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Ideophony, Dialogue and Perspective
How a Living Planet Survives Climate Change
ethnoarchaeology of Maya metates
In The Life-Giving Stone, Michael Searcy provides a thought-provoking ethnoarchaeological account of metate and mano manufacture, marketing, and use among Guatemalan Maya for whom these stone implements are still essential equipment in everyday life and diet.
Although many archaeologists have regarded these artifacts simply as common everyday tools and therefore unremarkable, Searcy’s methodology reveals how, for the ancient Maya, the manufacture and use of grinding stones significantly impacted their physical and economic welfare. In tracing the life cycle of these tools from production to discard for the modern Maya, Searcy discovers rich customs and traditions that indicate how metates and manos have continued to sustain life—not just literally, in terms of food, but also in terms of culture. His research is based on two years of fieldwork among three Mayan groups, in which he documented behaviors associated with these tools during their procurement, production, acquisition, use, discard, and re-use.
Searcy’s investigation documents traditional practices that are rapidly being lost or dramatically modified. In few instances will it be possible in the future to observe metates and manos as central elements in household provisioning or follow their path from hand-manufacture to market distribution and to intergenerational transmission. In this careful inquiry into the cultural significance of a simple tool, Searcy’s ethnographic observations are guided both by an interest in how grinding stone traditions have persisted and how they are changing today, and by the goal of enhancing the archaeological interpretation of these stones, which were so fundamental to pre-Hispanic agriculturalists with corn-based cuisines.
The name maguey refers to various forms of the agave and furcraea genus, also sometimes called the century plant. The fibers extracted from the leaves of these plants are spun into fine cordage and worked with a variety of tools and techniques to create textiles, from net bags and hammocks to equestrian gear.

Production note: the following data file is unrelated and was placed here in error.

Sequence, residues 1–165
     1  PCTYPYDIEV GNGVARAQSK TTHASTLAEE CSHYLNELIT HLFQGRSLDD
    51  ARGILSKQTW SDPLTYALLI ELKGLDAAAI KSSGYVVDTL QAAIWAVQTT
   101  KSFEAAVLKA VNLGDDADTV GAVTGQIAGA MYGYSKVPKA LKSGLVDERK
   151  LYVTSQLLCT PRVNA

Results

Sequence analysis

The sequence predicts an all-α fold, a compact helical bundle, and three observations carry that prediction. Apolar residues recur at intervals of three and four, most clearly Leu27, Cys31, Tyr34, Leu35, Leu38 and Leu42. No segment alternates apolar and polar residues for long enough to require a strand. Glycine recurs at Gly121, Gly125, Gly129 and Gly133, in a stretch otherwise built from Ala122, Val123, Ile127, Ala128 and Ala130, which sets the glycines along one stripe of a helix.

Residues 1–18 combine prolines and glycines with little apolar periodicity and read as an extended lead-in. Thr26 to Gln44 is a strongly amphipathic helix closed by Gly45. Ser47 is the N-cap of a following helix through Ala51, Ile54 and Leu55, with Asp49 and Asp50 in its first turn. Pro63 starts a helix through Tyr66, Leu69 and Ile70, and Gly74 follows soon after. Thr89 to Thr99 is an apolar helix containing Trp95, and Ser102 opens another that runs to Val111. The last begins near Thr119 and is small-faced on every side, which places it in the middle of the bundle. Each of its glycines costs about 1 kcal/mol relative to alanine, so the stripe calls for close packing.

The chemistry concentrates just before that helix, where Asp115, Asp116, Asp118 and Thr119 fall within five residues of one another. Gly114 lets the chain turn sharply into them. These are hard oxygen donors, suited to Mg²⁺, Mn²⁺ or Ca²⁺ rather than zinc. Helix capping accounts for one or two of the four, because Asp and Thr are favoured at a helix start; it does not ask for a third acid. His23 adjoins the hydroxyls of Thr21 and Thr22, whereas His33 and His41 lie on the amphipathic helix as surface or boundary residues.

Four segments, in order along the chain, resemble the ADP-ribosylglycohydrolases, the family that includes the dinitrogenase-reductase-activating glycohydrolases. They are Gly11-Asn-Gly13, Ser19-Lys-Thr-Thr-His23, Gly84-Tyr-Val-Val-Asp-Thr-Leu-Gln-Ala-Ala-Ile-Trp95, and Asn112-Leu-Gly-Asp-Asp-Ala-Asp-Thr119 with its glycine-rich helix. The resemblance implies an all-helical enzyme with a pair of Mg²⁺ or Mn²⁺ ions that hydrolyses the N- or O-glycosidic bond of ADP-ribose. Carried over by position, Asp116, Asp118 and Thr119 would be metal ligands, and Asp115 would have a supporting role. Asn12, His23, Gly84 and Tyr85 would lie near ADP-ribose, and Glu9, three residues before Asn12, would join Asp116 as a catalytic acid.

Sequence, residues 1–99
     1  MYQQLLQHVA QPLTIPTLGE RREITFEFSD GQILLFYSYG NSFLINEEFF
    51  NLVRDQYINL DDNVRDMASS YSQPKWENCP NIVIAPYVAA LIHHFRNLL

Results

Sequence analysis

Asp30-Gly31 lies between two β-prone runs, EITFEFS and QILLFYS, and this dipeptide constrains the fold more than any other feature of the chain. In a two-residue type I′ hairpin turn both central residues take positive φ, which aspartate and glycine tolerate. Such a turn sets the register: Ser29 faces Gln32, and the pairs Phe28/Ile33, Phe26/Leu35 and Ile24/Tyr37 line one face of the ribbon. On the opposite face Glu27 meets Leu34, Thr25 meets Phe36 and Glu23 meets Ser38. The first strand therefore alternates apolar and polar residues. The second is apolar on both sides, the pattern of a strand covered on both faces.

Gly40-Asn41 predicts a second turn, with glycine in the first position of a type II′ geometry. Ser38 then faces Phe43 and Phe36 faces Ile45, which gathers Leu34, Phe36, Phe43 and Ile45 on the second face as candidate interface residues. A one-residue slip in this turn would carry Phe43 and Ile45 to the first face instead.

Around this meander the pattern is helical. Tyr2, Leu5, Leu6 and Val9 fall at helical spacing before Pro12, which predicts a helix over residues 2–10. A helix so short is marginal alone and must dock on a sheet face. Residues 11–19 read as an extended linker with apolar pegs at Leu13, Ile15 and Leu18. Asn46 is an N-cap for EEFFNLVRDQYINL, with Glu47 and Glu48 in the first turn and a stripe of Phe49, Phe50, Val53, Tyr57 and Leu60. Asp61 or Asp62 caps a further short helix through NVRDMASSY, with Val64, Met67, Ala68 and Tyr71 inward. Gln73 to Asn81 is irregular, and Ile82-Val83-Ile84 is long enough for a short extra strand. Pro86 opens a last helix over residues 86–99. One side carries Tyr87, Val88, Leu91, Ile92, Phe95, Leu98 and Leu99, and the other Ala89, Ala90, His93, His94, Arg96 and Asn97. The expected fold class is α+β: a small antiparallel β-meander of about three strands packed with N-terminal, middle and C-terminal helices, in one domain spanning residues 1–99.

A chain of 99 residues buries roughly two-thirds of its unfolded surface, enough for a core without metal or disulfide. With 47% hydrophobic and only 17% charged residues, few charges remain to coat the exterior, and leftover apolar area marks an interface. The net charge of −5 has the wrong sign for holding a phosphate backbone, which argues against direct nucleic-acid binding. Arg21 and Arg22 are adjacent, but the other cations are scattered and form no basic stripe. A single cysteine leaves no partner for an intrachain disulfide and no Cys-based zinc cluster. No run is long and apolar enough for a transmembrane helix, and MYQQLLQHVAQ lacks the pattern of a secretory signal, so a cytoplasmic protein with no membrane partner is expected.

In this fascinating book, Kathryn Rousso, an accomplished textile artist, takes a detailed look at the state of maguey culture, use, and trade in Guatemala. She has spent years traveling in Guatemala, highlighting maguey workers' interactions in many locations and blending historical and current facts to describe their environments. Along the way, Rousso has learned the process of turning a raw leaf into beautiful and useful textile products and how globalization and modernization are transforming the maguey trade in Guatemala.
Featuring a section of full-color illustrations that follow the process from plant to weaving to product, Maguey Journey presents the story of this fiber over recent decades through the travels of an impassioned artist. Useful to cultural anthropologists, ethnobotanists, fiber artists, and interested travelers alike, this book offers a snapshot of how the industry stands now and seeks to honor those who keep the art alive in Guatemala.
Illustrated Cartography of Arizona, 1912–1962
Regulating Indian Domestic Service in Tucson, 1914–1934
From 1914 to 1934 the US government sent Native American girls to work as domestic servants in the homes of white families. Matrons and Maids tells this forgotten history through the eyes of the women who facilitated their placements. During those two decades, “outing matrons” oversaw and managed the employment of young Indian women. In Tucson, Arizona, the matrons acted as intermediaries between the Indian and white communities and between the local Tucson community and the national administration, the Office of Indian Affairs.